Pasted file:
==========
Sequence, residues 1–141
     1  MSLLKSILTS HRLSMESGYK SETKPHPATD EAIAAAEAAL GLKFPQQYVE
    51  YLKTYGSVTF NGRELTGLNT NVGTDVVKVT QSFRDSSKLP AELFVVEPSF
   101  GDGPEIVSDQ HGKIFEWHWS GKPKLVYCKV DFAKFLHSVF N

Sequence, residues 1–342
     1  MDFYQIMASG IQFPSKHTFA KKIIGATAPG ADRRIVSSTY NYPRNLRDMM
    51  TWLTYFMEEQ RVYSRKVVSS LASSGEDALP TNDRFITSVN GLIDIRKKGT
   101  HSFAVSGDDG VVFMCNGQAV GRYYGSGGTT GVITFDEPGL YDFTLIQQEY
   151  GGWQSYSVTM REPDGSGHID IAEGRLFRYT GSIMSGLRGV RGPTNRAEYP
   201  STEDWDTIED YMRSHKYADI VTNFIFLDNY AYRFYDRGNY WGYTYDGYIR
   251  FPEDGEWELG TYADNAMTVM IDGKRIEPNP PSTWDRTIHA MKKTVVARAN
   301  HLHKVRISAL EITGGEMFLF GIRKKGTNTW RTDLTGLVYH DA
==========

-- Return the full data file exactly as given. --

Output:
Sequence, residues 1–141
     1  MSLLKSILTS HRLSMESGYK SETKPHPATD EAIAAAEAAL GLKFPQQYVE
    51  YLKTYGSVTF NGRELTGLNT NVGTDVVKVT QSFRDSSKLP AELFVVEPSF
   101  GDGPEIVSDQ HGKIFEWHWS GKPKLVYCKV DFAKFLHSVF N

Sequence, residues 1–342
     1  MDFYQIMASG IQFPSKHTFA KKIIGATAPG ADRRIVSSTY NYPRNLRDMM
    51  TWLTYFMEEQ RVYSRKVVSS LASSGEDALP TNDRFITSVN GLIDIRKKGT
   101  HSFAVSGDDG VVFMCNGQAV GRYYGSGGTT GVITFDEPGL YDFTLIQQEY
   151  GGWQSYSVTM REPDGSGHID IAEGRLFRYT GSIMSGLRGV RGPTNRAEYP
   201  STEDWDTIED YMRSHKYADI VTNFIFLDNY AYRFYDRGNY WGYTYDGYIR
   251  FPEDGEWELG TYADNAMTVM IDGKRIEPNP PSTWDRTIHA MKKTVVARAN
   301  HLHKVRISAL EITGGEMFLF GIRKKGTNTW RTDLTGLVYH DA